Careers

Joe Biden: 'I think I'm qualified to be president'

Joe Biden and Dr. Jill Biden
Michael Kovac/WireImage | Getty Images

This morning, Vice President Joe Biden appeared on Megyn Kelly TODAY to talk about his new memoir "Promise Me, Dad, " the state of American politics and his thoughts about running for President in 2020.

Biden, who has previously said he would not rule out the possibility of a 2020 presidential bid, told Kelly, "If the Lord came down and said 'The nomination is yours if you accept it right now,' I would say 'No.'"

"I'm not ready," he said. Biden explained that he is still working on several initiatives that deserve his full attention, including his work with the Biden Cancer Initiative and Beau Biden Foundation.

"There's so much more to do in terms of this just finishing this book, finishing the ability to try to win back the House of Representatives and then we'll see," he said. "You shouldn't run unless you can look at all of you and give your whole heart and soul and say, 'You have all of my attention.'"

Even though he may not be ready to commit to running for the highest office in the land, Biden admitted that he feels that he has the experience necessary to excel in the role.

"To be blunt, I think I'm qualified to be president," he said. "I think there are a lot of really talented people out there in the Democratic party and it's just too early."

His wife, Dr. Jill Biden, agrees that her husband would make a terrific commander-in-chief. "I always, always have felt that Joe would make a great president, always," she said.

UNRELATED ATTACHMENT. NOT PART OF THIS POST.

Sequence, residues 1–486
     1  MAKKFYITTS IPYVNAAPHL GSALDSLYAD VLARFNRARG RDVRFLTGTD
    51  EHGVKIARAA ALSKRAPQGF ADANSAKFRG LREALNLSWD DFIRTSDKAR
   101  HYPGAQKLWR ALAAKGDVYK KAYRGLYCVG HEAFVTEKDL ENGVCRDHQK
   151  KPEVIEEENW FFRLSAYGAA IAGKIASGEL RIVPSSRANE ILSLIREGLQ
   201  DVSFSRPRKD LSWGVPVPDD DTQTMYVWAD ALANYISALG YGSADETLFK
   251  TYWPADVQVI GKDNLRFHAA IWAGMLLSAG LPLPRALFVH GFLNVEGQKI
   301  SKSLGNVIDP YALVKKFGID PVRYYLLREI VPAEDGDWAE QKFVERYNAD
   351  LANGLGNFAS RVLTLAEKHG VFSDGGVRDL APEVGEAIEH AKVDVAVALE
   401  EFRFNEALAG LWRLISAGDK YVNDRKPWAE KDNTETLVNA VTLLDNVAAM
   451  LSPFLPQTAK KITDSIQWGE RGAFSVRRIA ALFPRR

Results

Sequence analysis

Dr. Jill Biden and Joe Biden
Alex Wong | Getty Images

Leaders in business and politics agree that having a supportive spouse is the secret to career success.

Berkshire Hathaway CEO Warren Buffett once said, "Who you marry, which is the ultimate partnership, is enormously important in determining the happiness in your life and your success."

In 2011, President Barack Obama told Oprah Winfrey, "Obviously I couldn't have done anything that I've done without Michelle. You were asking earlier what keeps me sane, what keeps me balanced, what allows me to deal with the pressure. It is this young lady right here."

Research also suggests that having a supportive spouse increases an individual's chances of taking on difficult tasks. A study published by Carnegie Mellon University found that "people with supportive spouses were more likely to take on potentially rewarding challenges."

"We don't know what tomorrow will bring but we'll just see," said Jill Biden. "If the opportunity presents itself, you have a great man here."

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